If schools can’t provide shuttlecocks, coaches for students, Malaysia can kiss Thomas Cup goodbye

220514 badminton

Malaysia’s shocking 3-2 defeat to India in the Thomas Cup quarterfinals on Thursday has ruffled the feathers of many badminton fans.

Not surprisingly, the Badminton Association of Malaysia (BAM) is on the receiving end of most of the brickbats.

While there are plenty of reasons to point the finger at the national body, perhaps we should also look at what we are doing to develop the talent pool.

How many parents are willing to allow their children to pick up sports as a career? How many schools have qualified coaches as teachers for their sporting activities?

Let’s take my daughter’s school in Subang Jaya, as an example.

Now that we have entered the endemic stage of Covid-19, physical education classes and training for sports clubs in schools have begun.

However, some parents voiced their displeasure, that while their children had brought racquets to school, the badminton club did not provide shuttlecocks for the players.

The kids had to play outdoors, some under trees, with shuttlecocks that were past their shelf life that they had found on the ground. What irked the parents most was that their children had been left alone.

“What is the point of staying in school when there is no plan or programme to follow?” asked one parent.

Another said: “It was windy, and once the shuttlecock was stuck up a tree, they just sat down and waited for the time to go back. It was a waste of time.”

The parents said they did not mind buying shuttlecocks, but they would rather their kids return home if there was no one to guide them.

On the plus side, my daughter, who joined the archery club, said there was a teacher to instruct them on the dos and don’ts, and on how to assemble the beginners’ bow.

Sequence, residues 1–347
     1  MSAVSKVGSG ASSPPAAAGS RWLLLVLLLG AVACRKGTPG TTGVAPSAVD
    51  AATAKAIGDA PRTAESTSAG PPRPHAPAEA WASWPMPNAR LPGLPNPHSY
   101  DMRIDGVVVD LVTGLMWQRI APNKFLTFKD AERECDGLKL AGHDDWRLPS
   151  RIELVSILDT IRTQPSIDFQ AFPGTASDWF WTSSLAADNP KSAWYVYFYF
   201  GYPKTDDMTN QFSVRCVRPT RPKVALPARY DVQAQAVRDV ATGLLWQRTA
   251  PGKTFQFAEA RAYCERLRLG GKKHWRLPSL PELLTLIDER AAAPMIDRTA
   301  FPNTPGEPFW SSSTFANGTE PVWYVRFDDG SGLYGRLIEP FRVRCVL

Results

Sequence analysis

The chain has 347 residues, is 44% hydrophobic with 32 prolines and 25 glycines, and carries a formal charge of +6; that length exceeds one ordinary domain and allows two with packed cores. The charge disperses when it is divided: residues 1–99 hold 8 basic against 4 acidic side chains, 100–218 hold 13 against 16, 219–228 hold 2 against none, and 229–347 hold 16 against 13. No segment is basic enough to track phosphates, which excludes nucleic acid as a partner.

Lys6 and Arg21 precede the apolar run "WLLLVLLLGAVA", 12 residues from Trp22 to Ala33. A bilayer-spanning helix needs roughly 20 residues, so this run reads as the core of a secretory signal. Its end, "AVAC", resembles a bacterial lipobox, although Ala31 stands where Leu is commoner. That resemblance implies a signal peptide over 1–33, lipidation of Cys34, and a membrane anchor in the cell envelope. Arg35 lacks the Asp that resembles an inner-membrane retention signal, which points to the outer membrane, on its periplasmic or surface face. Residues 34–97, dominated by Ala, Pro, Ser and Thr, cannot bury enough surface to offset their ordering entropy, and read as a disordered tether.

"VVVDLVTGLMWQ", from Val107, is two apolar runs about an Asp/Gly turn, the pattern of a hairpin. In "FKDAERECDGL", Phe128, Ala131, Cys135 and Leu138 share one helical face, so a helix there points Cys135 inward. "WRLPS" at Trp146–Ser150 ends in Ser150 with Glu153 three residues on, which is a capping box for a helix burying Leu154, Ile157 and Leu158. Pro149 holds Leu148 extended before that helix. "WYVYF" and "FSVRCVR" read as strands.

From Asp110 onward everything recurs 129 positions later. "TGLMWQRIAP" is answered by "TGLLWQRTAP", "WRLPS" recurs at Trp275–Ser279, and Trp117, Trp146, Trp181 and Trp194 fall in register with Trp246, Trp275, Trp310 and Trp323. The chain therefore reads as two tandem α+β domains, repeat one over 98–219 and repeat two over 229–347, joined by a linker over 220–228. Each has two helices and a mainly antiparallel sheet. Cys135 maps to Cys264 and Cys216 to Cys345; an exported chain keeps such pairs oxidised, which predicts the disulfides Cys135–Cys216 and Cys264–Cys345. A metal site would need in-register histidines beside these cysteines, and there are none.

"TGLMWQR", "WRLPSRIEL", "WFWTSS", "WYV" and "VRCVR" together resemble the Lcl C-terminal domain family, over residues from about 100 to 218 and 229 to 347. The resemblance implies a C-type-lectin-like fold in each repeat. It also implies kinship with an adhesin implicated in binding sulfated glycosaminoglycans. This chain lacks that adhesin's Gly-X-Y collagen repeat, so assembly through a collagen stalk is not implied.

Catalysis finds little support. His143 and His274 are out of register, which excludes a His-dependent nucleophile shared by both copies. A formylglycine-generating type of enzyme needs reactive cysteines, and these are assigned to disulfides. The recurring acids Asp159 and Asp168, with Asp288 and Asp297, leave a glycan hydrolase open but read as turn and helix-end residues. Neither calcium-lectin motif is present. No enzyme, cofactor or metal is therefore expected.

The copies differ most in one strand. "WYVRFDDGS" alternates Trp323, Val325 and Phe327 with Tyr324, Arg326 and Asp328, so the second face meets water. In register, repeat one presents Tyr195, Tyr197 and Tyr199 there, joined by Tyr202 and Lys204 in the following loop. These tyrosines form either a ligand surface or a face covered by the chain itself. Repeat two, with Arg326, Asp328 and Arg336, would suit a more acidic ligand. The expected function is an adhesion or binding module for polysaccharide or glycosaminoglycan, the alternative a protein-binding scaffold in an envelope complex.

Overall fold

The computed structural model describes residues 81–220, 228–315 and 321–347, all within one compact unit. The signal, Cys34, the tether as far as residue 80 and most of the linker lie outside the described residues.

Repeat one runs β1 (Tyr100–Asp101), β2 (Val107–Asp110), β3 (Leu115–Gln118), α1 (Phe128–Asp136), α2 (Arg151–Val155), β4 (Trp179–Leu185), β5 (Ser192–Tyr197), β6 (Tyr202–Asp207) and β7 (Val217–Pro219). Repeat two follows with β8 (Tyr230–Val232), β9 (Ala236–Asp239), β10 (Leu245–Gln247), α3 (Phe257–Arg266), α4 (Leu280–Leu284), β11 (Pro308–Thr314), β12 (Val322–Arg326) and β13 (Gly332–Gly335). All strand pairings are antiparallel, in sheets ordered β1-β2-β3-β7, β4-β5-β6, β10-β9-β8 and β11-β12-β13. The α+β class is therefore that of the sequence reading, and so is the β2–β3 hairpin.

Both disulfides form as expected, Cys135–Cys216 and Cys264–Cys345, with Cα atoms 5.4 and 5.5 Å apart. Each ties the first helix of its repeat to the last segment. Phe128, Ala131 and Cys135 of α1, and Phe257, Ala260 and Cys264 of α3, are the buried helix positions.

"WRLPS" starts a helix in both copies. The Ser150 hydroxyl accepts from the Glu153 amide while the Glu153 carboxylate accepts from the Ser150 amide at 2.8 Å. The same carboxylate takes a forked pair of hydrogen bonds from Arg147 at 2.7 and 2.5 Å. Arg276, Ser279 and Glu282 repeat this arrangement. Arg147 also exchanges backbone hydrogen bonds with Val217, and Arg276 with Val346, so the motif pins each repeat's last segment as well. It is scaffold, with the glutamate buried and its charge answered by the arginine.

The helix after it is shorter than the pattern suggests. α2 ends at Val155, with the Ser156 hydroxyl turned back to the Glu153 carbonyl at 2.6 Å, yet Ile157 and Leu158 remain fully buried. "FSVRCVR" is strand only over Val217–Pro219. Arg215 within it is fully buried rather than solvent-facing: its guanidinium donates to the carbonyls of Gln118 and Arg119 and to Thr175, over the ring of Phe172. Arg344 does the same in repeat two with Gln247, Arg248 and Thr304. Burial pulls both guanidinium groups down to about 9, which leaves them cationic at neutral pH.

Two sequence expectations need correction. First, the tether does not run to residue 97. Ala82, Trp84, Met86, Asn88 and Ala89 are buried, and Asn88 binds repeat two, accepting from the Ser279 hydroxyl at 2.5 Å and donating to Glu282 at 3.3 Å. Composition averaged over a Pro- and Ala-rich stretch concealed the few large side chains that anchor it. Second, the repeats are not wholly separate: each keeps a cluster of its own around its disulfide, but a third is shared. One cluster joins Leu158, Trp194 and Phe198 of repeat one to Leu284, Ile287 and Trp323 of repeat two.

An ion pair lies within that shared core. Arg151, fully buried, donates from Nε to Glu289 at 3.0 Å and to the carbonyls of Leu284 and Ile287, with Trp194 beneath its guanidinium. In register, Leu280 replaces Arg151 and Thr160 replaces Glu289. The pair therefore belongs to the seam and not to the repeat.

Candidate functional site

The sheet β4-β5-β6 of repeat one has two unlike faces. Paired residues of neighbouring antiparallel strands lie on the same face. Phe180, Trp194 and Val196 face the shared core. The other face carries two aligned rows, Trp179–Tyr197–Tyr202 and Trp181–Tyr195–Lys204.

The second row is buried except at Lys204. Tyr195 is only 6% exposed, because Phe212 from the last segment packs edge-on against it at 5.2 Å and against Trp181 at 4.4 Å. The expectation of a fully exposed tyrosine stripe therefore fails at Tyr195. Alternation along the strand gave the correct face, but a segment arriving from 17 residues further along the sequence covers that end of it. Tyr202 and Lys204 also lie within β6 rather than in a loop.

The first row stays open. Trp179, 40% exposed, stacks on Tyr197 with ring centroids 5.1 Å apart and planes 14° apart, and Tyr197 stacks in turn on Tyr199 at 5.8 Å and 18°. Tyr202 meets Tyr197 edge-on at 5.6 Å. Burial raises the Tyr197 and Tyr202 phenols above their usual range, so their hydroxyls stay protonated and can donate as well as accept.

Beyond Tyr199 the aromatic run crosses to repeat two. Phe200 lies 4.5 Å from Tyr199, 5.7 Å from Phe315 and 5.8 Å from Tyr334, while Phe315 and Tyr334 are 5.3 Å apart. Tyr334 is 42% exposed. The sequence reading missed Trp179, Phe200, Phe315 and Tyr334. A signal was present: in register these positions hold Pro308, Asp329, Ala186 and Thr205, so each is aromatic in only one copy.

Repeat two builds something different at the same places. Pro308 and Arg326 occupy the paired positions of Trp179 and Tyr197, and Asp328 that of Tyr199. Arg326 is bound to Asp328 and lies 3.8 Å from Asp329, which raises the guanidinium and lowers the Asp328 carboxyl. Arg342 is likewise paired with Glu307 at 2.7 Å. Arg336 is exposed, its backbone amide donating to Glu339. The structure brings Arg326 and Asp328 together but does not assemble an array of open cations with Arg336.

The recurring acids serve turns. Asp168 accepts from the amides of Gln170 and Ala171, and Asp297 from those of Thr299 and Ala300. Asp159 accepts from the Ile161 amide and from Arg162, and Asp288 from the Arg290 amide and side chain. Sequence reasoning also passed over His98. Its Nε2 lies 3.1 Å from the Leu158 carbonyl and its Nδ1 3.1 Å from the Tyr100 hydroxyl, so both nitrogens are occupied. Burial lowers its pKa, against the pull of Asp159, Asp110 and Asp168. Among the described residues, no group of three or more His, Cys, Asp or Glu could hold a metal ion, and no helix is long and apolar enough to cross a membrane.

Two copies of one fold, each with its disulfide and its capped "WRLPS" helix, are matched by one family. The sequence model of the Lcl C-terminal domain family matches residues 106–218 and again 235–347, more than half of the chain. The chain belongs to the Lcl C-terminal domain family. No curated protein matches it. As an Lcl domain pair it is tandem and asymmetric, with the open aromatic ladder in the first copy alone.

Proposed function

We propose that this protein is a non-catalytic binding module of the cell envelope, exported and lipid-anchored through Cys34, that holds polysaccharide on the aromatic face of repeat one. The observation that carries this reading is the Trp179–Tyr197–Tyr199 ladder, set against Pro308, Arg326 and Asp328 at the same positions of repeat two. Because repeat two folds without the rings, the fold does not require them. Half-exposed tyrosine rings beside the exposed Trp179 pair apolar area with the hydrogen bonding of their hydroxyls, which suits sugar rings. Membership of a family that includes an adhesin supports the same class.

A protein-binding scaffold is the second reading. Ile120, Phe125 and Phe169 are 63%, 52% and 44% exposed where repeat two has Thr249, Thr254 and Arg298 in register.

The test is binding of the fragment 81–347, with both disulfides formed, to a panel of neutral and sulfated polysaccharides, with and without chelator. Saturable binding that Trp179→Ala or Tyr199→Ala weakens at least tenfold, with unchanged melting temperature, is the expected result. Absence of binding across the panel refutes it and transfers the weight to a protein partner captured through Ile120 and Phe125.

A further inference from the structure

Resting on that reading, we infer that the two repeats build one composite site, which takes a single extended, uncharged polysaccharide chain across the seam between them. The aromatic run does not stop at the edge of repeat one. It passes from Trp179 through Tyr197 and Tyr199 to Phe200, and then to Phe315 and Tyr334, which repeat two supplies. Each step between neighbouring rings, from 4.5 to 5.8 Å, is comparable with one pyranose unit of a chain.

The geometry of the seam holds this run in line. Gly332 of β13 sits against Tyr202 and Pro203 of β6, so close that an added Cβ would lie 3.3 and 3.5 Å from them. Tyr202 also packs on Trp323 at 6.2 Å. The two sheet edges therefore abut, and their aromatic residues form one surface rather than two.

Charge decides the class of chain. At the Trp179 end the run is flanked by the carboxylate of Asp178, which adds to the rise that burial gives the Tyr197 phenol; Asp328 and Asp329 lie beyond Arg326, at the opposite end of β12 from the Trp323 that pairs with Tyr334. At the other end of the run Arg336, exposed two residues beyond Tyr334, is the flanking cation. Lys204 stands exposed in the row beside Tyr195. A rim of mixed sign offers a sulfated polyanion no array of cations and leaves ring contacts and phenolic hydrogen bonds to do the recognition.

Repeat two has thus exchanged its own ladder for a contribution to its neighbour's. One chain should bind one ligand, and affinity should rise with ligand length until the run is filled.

At least, that is something.

Before Covid-19, many parents lamented that their children’s schools did not have qualified physical education teachers.

The common complaint was: “Every time they want to play football, the teacher chucks the ball to the kids and lets them run around. There are no discussions about tactics or any skills training.”

Perhaps BAM, the Football Association of Malaysia, and other sporting entities can find a way to work with the Education Ministry to get the right coaches at the grassroots level.

Otherwise, we could miss out on some hidden talents, and our abysmal performance on the international stage will continue.

NEW CASES RISE POST-RAYA

As Health director-general Tan Sri Dr Noor Hisham Abdullah warned, new Covid-19 cases shot up after the Hari Raya holidays.

There were 18,136 new infections in the past seven days, a near 100 per cent increase from last week (9,467). That took the total to 4,473,500.

There were 31 deaths in the past week, making it 35,607 fatalities.

That includes one death on Monday.

The good news is that 14,888 people received the all-clear, which means 4,409,159 patients successfully beat the coronavirus.

Worldwide, there are 520,476,717 cases, and 6,286,781 fatalities.

TRAFFIC AT A STANDSTILL

I do not know about the rest of you, but traffic was horrendous this past week.

Although I prefer to use the radio frequency identification (RFID) lanes, I stopped doing so as many drivers had forgotten to top up their balance, causing long jams.

Until they increase the number of RFID lanes entering Taman Tun Dr Ismail in Kuala Lumpur, I may have to continue using the Touch ‘n Go or SmartTag lanes.

FIVE UNUSUAL SPORTS AT THE SEA GAMES

The 31st SEA Games is going on in Hanoi, Vietnam. Malaysia swept the gold medals in diving, but there are still nine days left.

If you are interested in some of the more unusual sports, check out this article.

16 OLD-FASHIONED CHOCOLATE DESSERTS

World Baking Day is on Tuesday. As Monday is a public holiday, here are some chocolate recipes you could try before that.

And Happy Wesak to those celebrating!

SOMEWHERE, SOMEONE’S FALLING IN LOVE

John Prine returns this week with a lovely song.

Until next week, stay safe.